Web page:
Encourage students to review previous course material as a part of a study session. Help students note patterns, connections, and relationships among ideas and concepts, not only to reinforce recall of important concepts, but also to highlight areas where comprehension and recall may be faulty.
Have students practice grouping related information. Then have them practice choosing a key word, short phrase, or mnemonic retrieval cue to act as a trigger for their recall of the related details. Strong, precise nouns and verbs are probably the most useful words to use as cues.
- By practicing recall using the retrieval cue, students will build a strong association between the cue and the details. Eventually, the cue will help them easily recall the associated information. Some studies of memory suggest that the retrieval cues are most effective when they are selected at the time of the initial learning.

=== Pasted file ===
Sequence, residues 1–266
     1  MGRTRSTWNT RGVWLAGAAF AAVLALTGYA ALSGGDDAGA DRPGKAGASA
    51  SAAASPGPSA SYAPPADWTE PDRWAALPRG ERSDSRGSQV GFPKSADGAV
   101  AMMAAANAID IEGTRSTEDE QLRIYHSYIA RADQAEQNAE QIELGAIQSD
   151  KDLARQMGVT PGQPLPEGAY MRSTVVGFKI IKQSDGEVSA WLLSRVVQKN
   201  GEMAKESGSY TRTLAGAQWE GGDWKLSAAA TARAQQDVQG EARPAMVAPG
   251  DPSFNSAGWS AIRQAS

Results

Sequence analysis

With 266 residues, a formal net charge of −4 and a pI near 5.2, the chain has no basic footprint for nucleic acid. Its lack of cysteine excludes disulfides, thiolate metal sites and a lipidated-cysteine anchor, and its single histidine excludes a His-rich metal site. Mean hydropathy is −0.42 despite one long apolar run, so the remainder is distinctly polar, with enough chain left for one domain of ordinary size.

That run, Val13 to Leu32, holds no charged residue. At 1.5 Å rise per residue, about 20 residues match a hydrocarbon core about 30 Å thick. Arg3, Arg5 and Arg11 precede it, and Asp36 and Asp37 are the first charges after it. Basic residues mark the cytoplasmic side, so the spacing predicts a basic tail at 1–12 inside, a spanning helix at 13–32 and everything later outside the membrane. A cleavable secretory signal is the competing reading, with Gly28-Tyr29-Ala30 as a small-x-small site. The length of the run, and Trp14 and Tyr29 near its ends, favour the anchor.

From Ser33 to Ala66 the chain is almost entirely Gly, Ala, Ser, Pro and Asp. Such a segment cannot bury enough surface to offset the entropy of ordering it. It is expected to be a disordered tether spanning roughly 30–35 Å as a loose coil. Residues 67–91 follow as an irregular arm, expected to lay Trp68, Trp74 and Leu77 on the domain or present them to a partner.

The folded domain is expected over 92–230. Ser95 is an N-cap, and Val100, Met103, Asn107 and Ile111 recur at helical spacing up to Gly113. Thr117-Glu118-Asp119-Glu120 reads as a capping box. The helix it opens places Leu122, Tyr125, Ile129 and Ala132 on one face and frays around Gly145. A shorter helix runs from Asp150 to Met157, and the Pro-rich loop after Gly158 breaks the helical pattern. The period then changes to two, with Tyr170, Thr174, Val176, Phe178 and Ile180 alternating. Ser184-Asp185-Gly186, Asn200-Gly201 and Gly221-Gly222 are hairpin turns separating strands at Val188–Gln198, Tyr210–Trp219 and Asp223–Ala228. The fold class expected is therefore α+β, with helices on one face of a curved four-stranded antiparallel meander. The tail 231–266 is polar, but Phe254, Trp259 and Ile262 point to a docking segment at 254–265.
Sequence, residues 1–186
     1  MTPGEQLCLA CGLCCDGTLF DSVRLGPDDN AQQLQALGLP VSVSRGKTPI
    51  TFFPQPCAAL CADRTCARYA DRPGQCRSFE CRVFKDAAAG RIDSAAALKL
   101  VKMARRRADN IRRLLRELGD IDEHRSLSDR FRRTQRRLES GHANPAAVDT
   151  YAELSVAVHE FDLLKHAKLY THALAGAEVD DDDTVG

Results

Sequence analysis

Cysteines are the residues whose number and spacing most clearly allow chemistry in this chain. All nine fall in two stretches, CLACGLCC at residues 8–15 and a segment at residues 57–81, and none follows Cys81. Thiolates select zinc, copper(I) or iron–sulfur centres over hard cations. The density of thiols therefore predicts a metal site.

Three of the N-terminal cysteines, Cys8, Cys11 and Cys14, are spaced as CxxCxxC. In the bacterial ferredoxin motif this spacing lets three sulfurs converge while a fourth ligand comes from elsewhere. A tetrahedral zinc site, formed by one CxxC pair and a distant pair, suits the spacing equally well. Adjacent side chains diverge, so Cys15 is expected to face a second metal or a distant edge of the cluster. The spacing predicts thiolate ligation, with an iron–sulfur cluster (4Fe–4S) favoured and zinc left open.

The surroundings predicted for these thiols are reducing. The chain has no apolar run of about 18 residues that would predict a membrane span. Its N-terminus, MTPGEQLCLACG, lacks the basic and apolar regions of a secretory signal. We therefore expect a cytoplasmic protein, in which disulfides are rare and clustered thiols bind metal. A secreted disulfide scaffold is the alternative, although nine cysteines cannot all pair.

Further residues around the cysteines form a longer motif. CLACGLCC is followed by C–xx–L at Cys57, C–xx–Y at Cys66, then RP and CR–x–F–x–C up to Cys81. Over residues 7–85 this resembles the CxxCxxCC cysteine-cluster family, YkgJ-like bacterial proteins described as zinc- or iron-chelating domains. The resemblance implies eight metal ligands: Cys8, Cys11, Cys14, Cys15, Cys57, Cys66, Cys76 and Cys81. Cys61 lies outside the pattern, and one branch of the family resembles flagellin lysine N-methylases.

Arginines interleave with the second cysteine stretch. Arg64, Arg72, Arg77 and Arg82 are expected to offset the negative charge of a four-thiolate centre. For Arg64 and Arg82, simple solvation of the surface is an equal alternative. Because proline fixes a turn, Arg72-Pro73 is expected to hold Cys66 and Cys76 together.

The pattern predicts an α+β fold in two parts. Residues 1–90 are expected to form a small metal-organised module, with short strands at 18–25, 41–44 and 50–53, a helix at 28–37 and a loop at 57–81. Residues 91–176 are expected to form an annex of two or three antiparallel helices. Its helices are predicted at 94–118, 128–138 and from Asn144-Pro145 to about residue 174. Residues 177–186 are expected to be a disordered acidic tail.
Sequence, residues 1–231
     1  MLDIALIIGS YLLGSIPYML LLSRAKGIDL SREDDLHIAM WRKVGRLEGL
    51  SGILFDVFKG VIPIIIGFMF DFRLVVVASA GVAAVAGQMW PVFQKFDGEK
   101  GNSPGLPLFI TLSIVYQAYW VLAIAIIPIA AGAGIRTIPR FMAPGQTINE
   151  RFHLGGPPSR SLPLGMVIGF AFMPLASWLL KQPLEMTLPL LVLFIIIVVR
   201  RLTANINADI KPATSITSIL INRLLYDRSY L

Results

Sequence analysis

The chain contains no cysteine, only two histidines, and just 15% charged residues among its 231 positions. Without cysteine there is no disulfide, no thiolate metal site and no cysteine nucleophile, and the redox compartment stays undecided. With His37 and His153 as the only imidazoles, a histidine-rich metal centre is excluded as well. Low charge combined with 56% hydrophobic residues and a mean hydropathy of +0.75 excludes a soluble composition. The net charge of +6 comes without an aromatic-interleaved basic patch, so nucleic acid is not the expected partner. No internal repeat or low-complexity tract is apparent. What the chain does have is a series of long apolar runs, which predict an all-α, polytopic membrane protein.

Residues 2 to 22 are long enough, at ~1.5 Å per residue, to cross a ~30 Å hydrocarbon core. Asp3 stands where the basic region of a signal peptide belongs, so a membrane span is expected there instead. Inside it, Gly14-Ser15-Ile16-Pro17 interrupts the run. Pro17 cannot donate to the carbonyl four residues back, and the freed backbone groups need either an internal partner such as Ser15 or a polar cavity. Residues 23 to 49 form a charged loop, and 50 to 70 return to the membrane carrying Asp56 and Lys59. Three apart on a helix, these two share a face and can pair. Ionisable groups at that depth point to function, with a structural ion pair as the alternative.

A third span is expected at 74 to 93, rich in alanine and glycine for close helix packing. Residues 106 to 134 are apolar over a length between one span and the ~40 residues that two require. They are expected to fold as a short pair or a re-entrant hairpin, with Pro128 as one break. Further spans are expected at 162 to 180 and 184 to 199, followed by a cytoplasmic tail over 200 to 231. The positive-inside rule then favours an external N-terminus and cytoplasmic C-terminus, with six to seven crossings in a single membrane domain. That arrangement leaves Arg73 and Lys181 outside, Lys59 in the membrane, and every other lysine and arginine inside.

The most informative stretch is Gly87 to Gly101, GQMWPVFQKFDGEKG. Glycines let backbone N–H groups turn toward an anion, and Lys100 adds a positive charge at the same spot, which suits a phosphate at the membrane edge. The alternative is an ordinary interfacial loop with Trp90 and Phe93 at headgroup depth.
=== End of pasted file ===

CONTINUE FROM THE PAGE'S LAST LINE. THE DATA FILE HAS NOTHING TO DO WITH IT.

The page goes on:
Give students templates to help them create action plans for future tasks such as studying for tests, getting the night's homework done, getting help in class, completing a long-term project, etc. Each template might include spaces for: a description of the task, an estimation of time and effort required, the names of the people involved as partners or helpers, familiar elements or aspects of the task, the order of steps required, the strategies that can be used. Templates may be saved on the computer, then individualized and printed out for specific tasks.
Encourage students to use staging, i.e., to break a long or complex task into smaller, shorter, or less complex "mini-tasks." For example, provide students with a pre-planning template (a blank timeline, flow chart, task web, etc.) for analyzing a task then breaking it into stages. If necessary, model the staging process for students to help them develop a sense of "step-wisdom," an understanding of the proper sequence of steps necessary to complete a task.
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